Background

Salivary fistulae are most commonly associated with major onco-logic resections of the upper aerodigestive tract, but can occur when resecting benign disease, such as the closure for the resection of a Zenker's diverticulum. All salivary fistulae, whether pharyngocutaneous or orocutaneous, present similar management problems. The best time to manage a fistula is by prevention at the primary operation.1 Operative technique that avoids excessive tissue destruction is the first step, along with ensuring that the mucosal suture line be watertight. For the mucosal suture, interrupted Vicryl (polyglactic acid) or silk sutures are used. After total laryngectomy, closure of mucosa is achieved using an inverting suture of polyglactic acid which maintains integrity during wound repair. Soylu et al.2 showed a statistically significant reduction in the incidence of pharyngocutaneous fistula when this suture was used for closure (8.6%) compared with catgut (24%).

At the completion of mucosal closure in total laryngectomy and laryngopharyngectomy, a test of the integrity of the closure is performed by filling the neopharynx with saline, noting leaks, and repairing them with additional sutures for closure. It makes sense that a saline leak at the time of operation will produce a salivary leak postoperatively. Tension on the suture line should be minimized, and a two- to three-layer closure can usually be achieved by closing the fascial and muscle layers overlying the repair. In the case of a total laryngectomy, at least a two-layer repair is favored (i.e., submucosa and pharyngobasilar fascia). When enough constrictor muscle is present on one side, it can be used to bolster the line of closure by securing it across the suture line but not providing pharyngeal constriction. This provides an additional layer of closure without reuniting the inferior constrictor and narrowing the neopharynx, affecting swallowing and tracheo esophageal puncture speech. The larger the tumor and the resection, the greater the potential for tension on the mucosal closure.3 Several authors have demonstrated an increased incidence of fistula as the amount of mucosa resected increases, particularly in pyriform sinus cancers.4-6 Closure in these cases results in increased tension on the suture line as well as increased intraluminal pressure. To avoid these problems, a vascularized flap may be necessary to provide an adequately sized neopharynx.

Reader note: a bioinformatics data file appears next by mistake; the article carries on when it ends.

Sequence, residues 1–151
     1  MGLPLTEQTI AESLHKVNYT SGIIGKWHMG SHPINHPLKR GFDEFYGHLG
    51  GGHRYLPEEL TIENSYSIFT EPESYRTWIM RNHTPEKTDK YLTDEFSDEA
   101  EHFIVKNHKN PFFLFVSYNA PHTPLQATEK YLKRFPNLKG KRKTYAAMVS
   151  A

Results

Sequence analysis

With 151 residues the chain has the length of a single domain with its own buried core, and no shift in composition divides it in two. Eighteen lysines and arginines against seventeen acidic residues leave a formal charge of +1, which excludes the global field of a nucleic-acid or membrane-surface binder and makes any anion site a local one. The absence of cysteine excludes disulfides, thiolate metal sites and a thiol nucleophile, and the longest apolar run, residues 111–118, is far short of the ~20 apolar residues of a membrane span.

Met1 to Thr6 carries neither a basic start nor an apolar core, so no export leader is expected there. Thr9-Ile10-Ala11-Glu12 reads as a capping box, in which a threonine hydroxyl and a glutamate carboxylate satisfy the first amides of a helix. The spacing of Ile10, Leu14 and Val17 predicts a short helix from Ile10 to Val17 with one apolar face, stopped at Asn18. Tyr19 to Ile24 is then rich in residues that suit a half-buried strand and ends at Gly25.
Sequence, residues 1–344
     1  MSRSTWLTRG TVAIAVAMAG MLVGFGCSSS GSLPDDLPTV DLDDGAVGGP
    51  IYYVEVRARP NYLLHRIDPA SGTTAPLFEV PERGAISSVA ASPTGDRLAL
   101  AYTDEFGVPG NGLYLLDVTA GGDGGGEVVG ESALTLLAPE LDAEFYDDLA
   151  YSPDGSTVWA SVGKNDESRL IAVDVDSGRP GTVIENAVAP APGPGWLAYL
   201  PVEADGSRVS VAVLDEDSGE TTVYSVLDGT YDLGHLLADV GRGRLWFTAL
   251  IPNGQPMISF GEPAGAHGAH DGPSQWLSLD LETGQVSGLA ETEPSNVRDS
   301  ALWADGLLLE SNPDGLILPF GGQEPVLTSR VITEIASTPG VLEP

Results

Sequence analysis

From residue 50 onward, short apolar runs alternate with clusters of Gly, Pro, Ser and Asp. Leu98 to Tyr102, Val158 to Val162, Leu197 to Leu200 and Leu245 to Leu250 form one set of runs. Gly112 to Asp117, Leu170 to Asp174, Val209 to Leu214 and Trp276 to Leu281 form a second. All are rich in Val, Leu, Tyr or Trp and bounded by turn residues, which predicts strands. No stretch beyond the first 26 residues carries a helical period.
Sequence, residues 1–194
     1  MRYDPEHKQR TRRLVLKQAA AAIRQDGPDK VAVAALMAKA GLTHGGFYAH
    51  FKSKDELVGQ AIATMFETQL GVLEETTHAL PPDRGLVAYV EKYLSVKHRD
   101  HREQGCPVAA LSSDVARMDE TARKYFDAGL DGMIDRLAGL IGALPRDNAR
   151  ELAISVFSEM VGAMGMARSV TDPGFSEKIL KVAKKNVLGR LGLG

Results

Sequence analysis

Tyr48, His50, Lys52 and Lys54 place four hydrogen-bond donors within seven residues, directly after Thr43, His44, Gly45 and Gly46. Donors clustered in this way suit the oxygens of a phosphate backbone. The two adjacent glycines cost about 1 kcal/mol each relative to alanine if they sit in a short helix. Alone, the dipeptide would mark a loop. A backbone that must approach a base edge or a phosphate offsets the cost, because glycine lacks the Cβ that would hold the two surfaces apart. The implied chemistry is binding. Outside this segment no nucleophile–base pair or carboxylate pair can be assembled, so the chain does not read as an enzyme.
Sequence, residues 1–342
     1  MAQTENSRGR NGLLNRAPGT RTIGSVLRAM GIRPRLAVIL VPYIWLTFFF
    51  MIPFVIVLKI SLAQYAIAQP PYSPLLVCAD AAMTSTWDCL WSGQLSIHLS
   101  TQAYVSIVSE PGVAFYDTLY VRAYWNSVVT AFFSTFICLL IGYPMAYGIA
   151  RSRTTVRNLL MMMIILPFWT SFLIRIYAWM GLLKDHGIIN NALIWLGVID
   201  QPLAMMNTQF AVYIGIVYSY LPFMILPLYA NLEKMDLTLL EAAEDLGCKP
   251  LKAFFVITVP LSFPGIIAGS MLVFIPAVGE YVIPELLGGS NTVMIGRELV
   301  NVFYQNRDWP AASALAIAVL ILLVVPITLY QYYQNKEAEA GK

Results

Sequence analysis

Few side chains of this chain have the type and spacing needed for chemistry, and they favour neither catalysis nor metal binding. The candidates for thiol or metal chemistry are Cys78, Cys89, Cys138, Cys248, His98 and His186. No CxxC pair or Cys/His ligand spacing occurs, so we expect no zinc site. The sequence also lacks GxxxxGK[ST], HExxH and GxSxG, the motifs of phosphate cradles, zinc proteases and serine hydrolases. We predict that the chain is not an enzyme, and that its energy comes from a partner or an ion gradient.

The choice of flap depends on the available resources and surgical capabilities. Whether using a pectoralis major myocu-taneous flap, radial forearm flap, or jejunal free flap, it is imperative that the flap is inset securely. In the oral cavity, when a flap is inset adjoining the mandible, additional support can be provided by anchoring the flap to any remaining teeth or to the mandible itself, if the patient is edentulous, to provide flap support and reduce suture line tension. When a modified radical or radical neck dissection has been performed in conjunction with a pharyngeal resection, coverage of the carotid artery by a dermal graft or sternomastoid or levator scapulae muscle should be considered as a prophylactic maneuver to reduce the risk of carotid blow-out in the event of a fistula developing.7 Suction drainage is used to minimize fluid beneath the skin flaps and control the spread of saliva if a fistula develops.8 The drains should not be placed on the mucosal closure lines but should lie in close proximity.

The type of neck incision used is important. Trifurcations should be avoided, since these points have the poorest blood supply, predisposing to wound breakdown. Ifa fistula develops, it will appear at these sites.4'9 If necessary, the modified Schobinger incision places the trifurcation along the anterior trapezius border, away from the carotid artery. The use of apron incisions or McFee incisions is our preference to avoid this problem.